Meanwhile, Kevin Leddy, a resident with three children, said: “God, if it was one of my loved ones I’d be tearing apart the 108 looking for answers to these questions.”

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20 Responses »

  1. Put the traffic cops on to the case. The second you park some where you shouldn’t, they’re there in a flash ready to hand the wrong-doer a ticket. Perhaps they could apply that same zeal to a murder investigation.

  2. The 108th needs real PROS for this investigation. And they need to keep the victim’s face and the details in the press and in the community.

  3. The Victim is being treated like some latino from the south side .

  4. There is no accountability within the police force. Sure, they are quick to pat themselves on the back and get in front of the camera with whiny Bloomberg when they do something right but that just is doing your job! They should be fired if they don’t do their jobs correctly or at least written up or demoted like in the real world. They huddle together on the streets to chat with each other all day when splitting up might be more effective. I know it is dangerous if they are alone but that’s why they get paid decently and get pensions after just 20 years. Don’t take the paycheck if you don’t want to be in danger bc that’s what you signed up for! Let’s not even get into the attitudes they have or the cover ups/corruption.

  5. Def think the 108 precinct needs an overhaul . They say that crime s not bad in Sunnyside compared to other parts of the city.Guess what??? That’s the reason why I choose to live in Sunnyside over 20 years ago.That doesn’t mean we hav to accept unacceptable behavior from our local precinct in incidences like this. Find this man killers NOW and make them pay the price!

  6. Everybody knows most cops follow like sheep. None of them can “think outside the box” – it’s isn’t like TV where a master detective looks at a scene and sees clues everyone else has missed. It’s more like a couple of lummoxes stumble around miss the evidence everyone else sees.
    On the other hand cops are only sent where thay are needed. When Sunnyside & Woodside residents don’t report crimes it’s assumed that there is no crime and no cops are needed here so New York City sends their police force to other precincts and other boros.

  7. I’ve been saying it for YEARS. Police can not protect a neighborhood as well as their residences. A tight neighborhood watch communicates to people that they should respect themselves and everyone there. And its sends a message to police that they need the community more than the community needs a fat police force.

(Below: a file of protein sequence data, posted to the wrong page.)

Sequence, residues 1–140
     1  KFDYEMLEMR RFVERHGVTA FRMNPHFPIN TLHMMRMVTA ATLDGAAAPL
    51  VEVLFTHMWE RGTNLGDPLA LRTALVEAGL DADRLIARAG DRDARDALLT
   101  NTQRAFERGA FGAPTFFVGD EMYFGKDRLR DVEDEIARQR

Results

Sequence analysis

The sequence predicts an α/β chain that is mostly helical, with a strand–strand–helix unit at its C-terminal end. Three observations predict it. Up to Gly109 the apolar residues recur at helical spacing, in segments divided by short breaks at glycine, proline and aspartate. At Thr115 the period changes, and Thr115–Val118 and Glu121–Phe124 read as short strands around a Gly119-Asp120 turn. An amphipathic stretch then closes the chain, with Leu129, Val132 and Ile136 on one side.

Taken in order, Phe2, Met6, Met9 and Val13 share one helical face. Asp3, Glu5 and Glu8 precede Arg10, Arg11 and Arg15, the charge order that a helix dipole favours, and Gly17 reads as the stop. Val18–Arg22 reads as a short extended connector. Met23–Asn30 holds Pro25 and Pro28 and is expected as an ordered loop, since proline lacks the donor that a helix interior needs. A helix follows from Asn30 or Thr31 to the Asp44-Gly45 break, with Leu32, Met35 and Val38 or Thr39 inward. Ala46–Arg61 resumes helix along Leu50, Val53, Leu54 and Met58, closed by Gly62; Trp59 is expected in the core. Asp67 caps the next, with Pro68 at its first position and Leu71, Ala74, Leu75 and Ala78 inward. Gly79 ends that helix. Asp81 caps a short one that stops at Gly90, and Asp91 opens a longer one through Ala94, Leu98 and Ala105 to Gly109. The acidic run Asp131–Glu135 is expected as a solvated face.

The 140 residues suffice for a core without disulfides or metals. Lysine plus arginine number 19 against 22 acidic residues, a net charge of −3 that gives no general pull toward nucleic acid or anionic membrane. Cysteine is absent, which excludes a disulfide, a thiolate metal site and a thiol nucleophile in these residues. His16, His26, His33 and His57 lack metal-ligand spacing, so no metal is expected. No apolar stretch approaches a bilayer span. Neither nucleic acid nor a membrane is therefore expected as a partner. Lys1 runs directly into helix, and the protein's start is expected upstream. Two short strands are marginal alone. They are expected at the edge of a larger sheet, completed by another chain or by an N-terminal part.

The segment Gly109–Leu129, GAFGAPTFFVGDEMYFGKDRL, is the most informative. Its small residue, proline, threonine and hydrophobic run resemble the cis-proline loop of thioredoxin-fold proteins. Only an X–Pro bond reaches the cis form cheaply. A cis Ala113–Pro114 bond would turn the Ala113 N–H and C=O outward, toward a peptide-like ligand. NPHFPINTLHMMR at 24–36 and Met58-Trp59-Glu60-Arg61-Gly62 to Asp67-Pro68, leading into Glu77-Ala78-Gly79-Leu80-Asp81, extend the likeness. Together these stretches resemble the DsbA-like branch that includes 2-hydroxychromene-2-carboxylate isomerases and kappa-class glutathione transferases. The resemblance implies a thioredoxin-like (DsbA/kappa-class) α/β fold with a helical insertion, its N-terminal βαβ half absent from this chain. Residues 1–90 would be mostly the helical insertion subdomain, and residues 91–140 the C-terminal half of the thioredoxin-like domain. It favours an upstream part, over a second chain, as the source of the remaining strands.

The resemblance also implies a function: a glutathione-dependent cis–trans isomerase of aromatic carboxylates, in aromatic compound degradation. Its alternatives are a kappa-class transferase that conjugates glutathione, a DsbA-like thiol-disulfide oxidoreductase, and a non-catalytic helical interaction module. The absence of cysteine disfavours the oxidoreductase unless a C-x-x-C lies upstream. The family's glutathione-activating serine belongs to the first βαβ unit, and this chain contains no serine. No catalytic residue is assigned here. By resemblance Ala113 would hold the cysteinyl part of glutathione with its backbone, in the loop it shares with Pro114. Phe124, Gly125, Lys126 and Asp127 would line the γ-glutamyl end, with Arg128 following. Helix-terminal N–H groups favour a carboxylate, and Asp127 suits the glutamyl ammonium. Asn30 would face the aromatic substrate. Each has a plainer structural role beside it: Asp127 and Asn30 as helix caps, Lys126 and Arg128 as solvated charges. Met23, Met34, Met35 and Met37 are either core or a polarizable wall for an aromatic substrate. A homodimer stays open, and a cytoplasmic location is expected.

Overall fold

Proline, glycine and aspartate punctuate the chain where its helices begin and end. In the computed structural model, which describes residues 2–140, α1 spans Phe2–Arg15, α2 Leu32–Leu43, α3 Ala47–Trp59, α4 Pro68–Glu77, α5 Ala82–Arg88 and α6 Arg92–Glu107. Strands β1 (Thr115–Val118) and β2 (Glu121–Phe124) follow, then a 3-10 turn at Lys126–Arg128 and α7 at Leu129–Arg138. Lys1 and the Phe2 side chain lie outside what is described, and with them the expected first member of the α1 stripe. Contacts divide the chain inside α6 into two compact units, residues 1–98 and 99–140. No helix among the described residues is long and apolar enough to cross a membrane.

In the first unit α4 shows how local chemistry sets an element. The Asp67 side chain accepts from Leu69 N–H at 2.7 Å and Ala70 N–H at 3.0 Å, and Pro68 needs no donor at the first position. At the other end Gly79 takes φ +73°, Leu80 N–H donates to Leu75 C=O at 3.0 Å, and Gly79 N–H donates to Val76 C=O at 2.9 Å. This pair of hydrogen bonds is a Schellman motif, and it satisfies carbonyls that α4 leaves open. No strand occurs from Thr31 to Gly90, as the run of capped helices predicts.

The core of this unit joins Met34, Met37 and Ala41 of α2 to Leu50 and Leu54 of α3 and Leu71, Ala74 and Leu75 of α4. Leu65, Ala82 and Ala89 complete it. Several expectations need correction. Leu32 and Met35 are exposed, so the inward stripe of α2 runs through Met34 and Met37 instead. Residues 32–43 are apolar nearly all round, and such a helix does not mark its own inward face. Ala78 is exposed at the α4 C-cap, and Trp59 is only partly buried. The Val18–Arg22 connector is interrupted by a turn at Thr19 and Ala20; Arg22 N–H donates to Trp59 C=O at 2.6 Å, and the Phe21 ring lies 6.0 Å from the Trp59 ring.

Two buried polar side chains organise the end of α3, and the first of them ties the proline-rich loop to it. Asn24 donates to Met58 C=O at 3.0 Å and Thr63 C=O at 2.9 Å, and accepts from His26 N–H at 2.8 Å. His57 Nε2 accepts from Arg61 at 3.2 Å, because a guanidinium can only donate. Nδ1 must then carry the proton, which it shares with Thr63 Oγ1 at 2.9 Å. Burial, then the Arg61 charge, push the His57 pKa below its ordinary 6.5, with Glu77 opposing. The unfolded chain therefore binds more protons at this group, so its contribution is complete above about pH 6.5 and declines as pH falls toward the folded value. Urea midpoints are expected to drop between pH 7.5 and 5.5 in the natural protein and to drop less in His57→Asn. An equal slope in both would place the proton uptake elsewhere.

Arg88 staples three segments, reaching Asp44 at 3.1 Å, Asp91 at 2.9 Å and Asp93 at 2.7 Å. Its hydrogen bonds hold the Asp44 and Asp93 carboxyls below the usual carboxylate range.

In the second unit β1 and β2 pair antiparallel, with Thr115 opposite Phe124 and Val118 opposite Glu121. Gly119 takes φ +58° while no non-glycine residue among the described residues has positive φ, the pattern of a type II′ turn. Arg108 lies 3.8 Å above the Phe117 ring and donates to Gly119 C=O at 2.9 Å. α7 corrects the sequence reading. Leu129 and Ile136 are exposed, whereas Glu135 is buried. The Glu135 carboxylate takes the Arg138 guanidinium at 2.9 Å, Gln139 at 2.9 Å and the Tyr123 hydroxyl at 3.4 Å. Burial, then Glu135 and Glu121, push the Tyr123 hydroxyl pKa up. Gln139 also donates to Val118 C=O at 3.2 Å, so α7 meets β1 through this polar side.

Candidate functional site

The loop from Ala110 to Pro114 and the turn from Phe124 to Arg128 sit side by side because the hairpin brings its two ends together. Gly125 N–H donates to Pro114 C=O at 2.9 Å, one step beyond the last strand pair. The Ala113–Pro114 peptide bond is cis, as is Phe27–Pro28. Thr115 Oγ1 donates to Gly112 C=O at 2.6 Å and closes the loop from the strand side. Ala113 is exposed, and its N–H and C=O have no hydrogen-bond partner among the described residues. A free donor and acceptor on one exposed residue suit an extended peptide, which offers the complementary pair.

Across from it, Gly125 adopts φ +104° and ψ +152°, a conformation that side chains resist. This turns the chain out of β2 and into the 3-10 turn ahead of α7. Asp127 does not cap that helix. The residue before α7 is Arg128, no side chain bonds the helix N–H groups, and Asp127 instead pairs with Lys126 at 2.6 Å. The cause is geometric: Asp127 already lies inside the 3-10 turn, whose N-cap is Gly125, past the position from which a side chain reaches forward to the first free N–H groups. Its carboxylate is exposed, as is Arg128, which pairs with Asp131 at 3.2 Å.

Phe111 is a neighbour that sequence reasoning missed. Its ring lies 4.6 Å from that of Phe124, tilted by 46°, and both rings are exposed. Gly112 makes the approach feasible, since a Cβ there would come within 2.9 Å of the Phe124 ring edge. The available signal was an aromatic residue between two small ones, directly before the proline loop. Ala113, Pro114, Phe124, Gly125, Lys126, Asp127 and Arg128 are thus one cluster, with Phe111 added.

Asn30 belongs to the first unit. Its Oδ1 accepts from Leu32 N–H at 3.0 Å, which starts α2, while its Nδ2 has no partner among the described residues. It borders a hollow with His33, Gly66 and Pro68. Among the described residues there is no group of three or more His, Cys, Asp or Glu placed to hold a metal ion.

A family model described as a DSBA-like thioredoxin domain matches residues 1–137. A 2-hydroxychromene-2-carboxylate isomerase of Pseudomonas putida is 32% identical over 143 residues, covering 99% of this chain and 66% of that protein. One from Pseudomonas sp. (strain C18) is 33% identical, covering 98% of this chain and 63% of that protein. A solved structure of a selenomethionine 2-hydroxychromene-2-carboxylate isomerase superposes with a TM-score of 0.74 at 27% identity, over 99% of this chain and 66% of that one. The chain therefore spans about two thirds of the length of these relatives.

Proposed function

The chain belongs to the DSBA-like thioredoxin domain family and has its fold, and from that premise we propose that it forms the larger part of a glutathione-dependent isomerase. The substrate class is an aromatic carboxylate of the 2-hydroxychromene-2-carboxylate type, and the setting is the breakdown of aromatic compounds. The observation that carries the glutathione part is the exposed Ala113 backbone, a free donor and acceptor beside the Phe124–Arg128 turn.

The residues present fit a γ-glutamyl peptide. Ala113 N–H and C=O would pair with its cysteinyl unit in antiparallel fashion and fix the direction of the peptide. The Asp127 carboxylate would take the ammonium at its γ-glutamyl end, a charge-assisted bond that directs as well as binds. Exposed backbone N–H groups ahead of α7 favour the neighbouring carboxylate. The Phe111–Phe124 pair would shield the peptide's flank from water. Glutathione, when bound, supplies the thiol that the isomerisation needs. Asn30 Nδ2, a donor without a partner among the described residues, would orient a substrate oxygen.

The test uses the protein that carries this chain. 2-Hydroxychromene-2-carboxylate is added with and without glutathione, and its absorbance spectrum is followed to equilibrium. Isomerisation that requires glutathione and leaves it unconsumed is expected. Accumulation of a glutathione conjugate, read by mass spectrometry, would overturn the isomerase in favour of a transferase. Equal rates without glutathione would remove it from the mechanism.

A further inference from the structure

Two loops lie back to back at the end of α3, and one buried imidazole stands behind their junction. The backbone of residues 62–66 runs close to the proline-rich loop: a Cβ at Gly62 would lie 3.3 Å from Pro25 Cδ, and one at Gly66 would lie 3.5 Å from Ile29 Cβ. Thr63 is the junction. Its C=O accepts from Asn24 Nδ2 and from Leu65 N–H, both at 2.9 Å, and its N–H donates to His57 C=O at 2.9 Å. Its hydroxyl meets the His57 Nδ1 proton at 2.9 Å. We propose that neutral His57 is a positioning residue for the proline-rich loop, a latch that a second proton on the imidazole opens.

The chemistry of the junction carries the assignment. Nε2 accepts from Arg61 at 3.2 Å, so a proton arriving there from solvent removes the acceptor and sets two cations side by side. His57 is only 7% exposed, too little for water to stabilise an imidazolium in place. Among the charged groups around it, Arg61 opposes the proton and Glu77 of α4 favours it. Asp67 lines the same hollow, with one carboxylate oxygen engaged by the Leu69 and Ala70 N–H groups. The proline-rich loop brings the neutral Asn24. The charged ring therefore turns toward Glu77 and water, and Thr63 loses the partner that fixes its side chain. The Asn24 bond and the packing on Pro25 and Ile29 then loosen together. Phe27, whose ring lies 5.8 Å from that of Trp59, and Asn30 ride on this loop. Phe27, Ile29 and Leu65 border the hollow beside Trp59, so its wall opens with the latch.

8. Go to any community and listen to the capt of the 108 ( IF he shows up) tell us how safe our neigherhood s and give us statistics about what it was in the 1980s and how much it has improved since then. Personally I don’t care about the 80s I care about NOW.
    108 we need more police presence on our streets and a quicker response time to 911 calls. I hav to do my job when I go to work it’s time ye did yours.

  9. I wonder if Ruben ever went to College, he always has a racist comment to make, regardless of the situation.

    however, I do agree that police action has been limited and probably now more with the issue of the storm. furthermore, we need every building in our area to get cameras, sunnyside’s crime rate escalated in the past months and we see everything from robbery to murder,, we definitely don’t live in the most prestigious neighborhood of queens to be afraid of walking home at night.

    the 108 precinct however does not provide a deep connection with sunnyside. They are far, and we are a big neighborhood. We need more police presence and we need a precinct closer to us.

  10. the big question is what we want to do about it? , keep complaining or meet with them and demand their presence in our neighborhood. It will be always up to US.